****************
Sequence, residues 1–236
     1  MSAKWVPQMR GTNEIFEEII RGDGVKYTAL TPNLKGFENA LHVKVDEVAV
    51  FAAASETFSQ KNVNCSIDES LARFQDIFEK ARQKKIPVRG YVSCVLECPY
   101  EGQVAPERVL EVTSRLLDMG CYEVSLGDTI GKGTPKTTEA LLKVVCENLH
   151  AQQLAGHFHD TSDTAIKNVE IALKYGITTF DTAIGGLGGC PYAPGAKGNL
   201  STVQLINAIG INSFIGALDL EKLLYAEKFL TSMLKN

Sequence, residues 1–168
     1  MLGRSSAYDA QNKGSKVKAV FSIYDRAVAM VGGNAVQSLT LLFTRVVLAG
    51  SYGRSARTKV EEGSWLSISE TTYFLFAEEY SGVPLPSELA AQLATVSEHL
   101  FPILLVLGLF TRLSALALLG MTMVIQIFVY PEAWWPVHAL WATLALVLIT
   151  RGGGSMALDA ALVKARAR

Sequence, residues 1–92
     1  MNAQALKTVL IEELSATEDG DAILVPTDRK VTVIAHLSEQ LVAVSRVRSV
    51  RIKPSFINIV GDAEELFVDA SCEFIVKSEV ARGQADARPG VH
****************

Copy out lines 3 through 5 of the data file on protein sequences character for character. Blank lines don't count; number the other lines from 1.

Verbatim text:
    51  FAAASETFSQ KNVNCSIDES LARFQDIFEK ARQKKIPVRG YVSCVLECPY
   101  EGQVAPERVL EVTSRLLDMG CYEVSLGDTI GKGTPKTTEA LLKVVCENLH
   151  AQQLAGHFHD TSDTAIKNVE IALKYGITTF DTAIGGLGGC PYAPGAKGNL